Wednesday, July 31, 2013

Bubbles and Guns

Leo received a bubble gun for his birthday back in May.  Of course we call it a bubble machine - because...I'm not really sure.  I don't want him playing games where he is (even pretend) hurting people - so this would include gun play (but also sword play or pretending to hit).  But I'm not exactly sure why we've chosen to avoid the word gun.  I mean, it's not like I don't want him to know what a gun is...and there are plenty of non-violent guns (glue guns, bubble guns, water guns, staple guns...of course, I know every tool is a weapon if you hold it right).  So why avoid the word?  We are already asking ourselves if we should or shouldn't categorically disallow water guns - maybe ones that don't look so much like firearms and call them water squirters?  We let them squirt each other with the hose - a hand held squirter would save a lot of water.  What about a few years down the line if he asks to play paintball with his friends?  I feel like I haven't thought this one through yet. Do you avoid the word gun to describe toys or tools?  If so, why?

Anyway, this bubble machine/gun was stolen from our front porch last week.  It was a major bummer because both Leo and Zoe love bubbles - to the point where a mama could get winded trying to satiate their bubble appetite, so the automatic bubble maker was a huge hit.  We often play with it out on our porch.  That paired with the kiddie pool and popsicles is how we've spent many an afternoon.  Our porch is not easily visible from the street so I usually feel ok leaving the inflatable pool, our chairs and a few toys out overnight.  Our bubble machine/gun was among them - and it was just gone one morning.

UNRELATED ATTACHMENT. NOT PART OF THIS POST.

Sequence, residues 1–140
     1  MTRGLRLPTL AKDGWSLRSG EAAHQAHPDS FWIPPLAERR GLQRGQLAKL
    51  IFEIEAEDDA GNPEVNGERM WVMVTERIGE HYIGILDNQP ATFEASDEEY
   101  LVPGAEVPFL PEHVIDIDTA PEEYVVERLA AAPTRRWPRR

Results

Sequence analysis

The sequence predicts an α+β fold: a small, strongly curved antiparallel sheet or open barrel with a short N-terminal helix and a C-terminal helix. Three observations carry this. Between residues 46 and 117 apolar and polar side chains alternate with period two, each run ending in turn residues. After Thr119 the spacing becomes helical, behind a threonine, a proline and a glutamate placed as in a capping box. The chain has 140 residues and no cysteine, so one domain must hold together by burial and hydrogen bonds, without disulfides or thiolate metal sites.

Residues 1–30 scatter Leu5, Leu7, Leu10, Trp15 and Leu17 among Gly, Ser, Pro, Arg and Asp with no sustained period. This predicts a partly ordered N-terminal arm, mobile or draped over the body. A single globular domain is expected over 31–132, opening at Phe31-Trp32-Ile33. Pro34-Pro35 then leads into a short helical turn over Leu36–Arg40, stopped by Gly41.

I was upset, not devastated - but irritated and saddened.  It felt like a violation knowing someone walked up our steps, stood on our porch and chose one of our toys to walk away with.  When Leo asked about it I explained to him that it appeared that someone had taken it.  When he asked why I told him that sometimes people take things that don't belong to them.  It's not very nice and it's ok to be sad about it.  He thought about for a few minutes, quietly, then he said, "Mama, maybe they don't have a bubble gun at their house."

Oh this kid.  He wasn't sad at all.  So we talked a bit about how lucky we were to have a bubble gun and how some families don't have all the things we have - from toys to a fridge full of food to a safe and comfortable home.  We agreed it's still not right to take things that don't belong to you, but it was clear that he understood what might drive someone to do it.

Two days later jb came home from work with a new bubble gun/machine for us.  We've been reveling in bubbles - and how lucky we are - ever since.


  1. lifewithkaishon8/12/2013

    Being stolen from is a violation. I'm so sorry it happened to you. I am glad it didn't effect Leo in the slightest!

  2. Wow, I really appreciate you sharing your and Leo's interaction about the bubble gun. Last month, someone stole and destroyed our Jeep, which was more of a sentimental thing than a financial loss, and our two year old has been asking about it a lot. I struggle to explain it to him because I am deeply angry and hurt, but I don't want to brew in him the kind of anger and judgment that sometimes grows out of these situations. So thank you for sharing.